Implementing after-action review systems in organizations: Key principles and practical considerations

Cliff Scott, Alexandra M. Dunn, Eleanor B. Williams, Joseph A. Allen

Research output: Chapter in Book/Report/Conference proceedingChapter

2 Scopus citations

Abstract

Actors in high-reliability organizations often form meetings to discuss incidents and learn from them. Such after-action reviews (AARs) are structured opportunities for shared retrospective learning, innovation development, and continuous improvement. Research on AARs has examined the meeting-level antecedents and outcomes associated with various elements of AARs, but has generally stopped short of considering how they should influence and respond to the organizations in which they are situated. After connecting the functions of AARs using the theoretical frameworks of collective sensemaking, organizational learning, and knowledge management, this chapter presents an input-process-output model of AAR systems that accounts for a range of extra-meeting factors that influence and are influenced by the content of retrospective discussion. It also describes best practices and directions for future research associated with these inputs, processes, and outputs.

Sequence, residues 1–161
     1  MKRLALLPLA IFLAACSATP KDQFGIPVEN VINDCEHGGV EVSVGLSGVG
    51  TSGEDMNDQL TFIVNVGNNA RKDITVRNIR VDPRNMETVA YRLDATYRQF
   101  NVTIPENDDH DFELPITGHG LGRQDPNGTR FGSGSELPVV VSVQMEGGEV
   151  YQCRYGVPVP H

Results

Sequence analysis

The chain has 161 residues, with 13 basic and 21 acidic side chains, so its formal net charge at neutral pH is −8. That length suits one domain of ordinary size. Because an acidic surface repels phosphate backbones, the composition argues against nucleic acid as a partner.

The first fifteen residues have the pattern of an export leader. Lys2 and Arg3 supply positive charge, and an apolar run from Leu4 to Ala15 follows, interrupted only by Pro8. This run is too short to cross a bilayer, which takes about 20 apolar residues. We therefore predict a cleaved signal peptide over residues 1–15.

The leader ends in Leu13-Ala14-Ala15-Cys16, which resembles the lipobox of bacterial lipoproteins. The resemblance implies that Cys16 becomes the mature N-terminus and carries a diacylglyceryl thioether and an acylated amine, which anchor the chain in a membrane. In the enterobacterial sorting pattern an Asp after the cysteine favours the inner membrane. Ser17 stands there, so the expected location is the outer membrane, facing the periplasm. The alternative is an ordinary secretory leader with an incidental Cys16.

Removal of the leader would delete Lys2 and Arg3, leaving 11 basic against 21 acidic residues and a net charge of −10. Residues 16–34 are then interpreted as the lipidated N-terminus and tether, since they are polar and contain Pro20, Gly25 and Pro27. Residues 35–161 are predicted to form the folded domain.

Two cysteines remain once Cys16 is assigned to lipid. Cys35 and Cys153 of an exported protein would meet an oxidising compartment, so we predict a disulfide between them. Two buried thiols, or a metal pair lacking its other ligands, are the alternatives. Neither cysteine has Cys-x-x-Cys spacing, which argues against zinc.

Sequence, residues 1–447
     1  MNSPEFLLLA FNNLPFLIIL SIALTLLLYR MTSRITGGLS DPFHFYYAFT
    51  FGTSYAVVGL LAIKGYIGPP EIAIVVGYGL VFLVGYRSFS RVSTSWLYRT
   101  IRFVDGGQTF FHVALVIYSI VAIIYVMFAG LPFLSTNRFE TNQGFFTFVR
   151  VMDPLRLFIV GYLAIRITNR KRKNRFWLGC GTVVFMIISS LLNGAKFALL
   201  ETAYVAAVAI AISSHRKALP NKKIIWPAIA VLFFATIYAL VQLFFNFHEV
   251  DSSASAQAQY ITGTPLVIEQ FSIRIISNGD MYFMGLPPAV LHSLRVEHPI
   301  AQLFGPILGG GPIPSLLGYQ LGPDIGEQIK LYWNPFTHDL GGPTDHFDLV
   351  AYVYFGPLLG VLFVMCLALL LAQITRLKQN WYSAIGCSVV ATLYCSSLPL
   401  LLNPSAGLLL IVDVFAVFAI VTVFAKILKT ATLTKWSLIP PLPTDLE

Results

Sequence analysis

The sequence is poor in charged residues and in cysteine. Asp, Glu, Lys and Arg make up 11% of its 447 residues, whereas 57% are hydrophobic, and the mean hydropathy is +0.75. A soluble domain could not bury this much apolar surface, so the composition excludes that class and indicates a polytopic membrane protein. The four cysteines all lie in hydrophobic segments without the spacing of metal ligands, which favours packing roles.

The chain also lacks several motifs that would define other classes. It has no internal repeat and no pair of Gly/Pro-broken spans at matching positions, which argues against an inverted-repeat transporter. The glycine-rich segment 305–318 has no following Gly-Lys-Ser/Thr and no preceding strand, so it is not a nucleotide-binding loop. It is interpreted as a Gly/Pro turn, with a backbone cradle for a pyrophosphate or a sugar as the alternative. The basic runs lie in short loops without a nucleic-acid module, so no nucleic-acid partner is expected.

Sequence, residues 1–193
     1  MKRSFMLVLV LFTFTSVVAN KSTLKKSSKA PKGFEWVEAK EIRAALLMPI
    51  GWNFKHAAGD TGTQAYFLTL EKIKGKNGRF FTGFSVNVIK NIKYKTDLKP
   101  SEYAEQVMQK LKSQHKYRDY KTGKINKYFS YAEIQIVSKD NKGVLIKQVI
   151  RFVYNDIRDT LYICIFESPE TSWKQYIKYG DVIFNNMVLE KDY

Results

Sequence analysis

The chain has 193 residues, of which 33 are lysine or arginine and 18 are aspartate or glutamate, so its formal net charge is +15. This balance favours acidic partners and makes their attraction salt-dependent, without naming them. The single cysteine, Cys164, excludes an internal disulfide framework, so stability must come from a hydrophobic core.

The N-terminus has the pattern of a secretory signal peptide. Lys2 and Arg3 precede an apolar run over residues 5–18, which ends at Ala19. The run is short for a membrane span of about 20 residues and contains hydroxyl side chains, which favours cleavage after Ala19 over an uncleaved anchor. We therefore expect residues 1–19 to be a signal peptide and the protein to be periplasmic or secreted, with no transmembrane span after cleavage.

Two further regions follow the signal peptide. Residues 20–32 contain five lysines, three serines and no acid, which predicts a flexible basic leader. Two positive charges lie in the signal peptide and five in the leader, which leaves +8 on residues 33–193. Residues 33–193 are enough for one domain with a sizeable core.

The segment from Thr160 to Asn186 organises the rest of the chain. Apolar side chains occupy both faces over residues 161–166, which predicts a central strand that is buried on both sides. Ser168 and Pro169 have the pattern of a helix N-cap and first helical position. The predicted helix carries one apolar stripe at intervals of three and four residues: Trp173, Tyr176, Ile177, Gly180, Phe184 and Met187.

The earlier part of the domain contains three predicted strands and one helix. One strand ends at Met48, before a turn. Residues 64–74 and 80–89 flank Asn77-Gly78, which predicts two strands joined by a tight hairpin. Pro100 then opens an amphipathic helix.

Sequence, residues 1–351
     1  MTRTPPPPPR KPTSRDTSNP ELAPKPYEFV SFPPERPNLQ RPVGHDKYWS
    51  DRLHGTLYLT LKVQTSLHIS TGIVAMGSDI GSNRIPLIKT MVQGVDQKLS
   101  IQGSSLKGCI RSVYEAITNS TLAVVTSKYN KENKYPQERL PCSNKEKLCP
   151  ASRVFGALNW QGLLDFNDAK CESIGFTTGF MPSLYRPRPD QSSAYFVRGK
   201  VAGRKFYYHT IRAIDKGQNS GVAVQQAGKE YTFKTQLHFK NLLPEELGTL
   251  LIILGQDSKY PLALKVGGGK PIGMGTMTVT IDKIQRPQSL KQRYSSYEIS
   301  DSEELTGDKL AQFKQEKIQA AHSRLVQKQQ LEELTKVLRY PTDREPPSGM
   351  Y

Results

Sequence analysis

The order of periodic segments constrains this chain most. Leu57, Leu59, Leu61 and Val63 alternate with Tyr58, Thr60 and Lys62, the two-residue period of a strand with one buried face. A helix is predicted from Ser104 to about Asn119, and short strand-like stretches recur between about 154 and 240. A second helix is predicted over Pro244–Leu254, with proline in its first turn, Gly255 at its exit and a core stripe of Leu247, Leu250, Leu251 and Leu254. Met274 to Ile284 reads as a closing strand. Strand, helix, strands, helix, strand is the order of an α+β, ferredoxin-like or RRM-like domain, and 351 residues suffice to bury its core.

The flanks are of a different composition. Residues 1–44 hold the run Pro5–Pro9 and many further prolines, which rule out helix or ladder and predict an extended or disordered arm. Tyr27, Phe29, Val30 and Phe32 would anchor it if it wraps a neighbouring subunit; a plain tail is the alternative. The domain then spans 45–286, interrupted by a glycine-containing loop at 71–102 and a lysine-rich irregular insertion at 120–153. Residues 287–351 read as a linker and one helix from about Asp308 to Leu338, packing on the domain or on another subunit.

Original languageEnglish (US)
Title of host publicationThe Cambridge Handbook of Meeting Science
PublisherCambridge University Press
Pages634-659
Number of pages26
ISBN (Electronic)9781107589735
ISBN (Print)9781107067189
DOIs
StatePublished - Jan 1 2015

Keywords

  • After-action reviews
  • Group discussion
  • Group learning
  • Input-process-output models
  • Meeting facilitation
  • Organizational knowledge management
  • Postmortems
  • Sensemaking

ASJC Scopus subject areas

  • Economics, Econometrics and Finance(all)
  • Business, Management and Accounting(all)

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    Scott, C., Dunn, A. M., Williams, E. B., & Allen, J. A. (2015). Implementing after-action review systems in organizations: Key principles and practical considerations. In The Cambridge Handbook of Meeting Science (pp. 634-659). Cambridge University Press. https://doi.org/10.1017/CBO9781107589735.027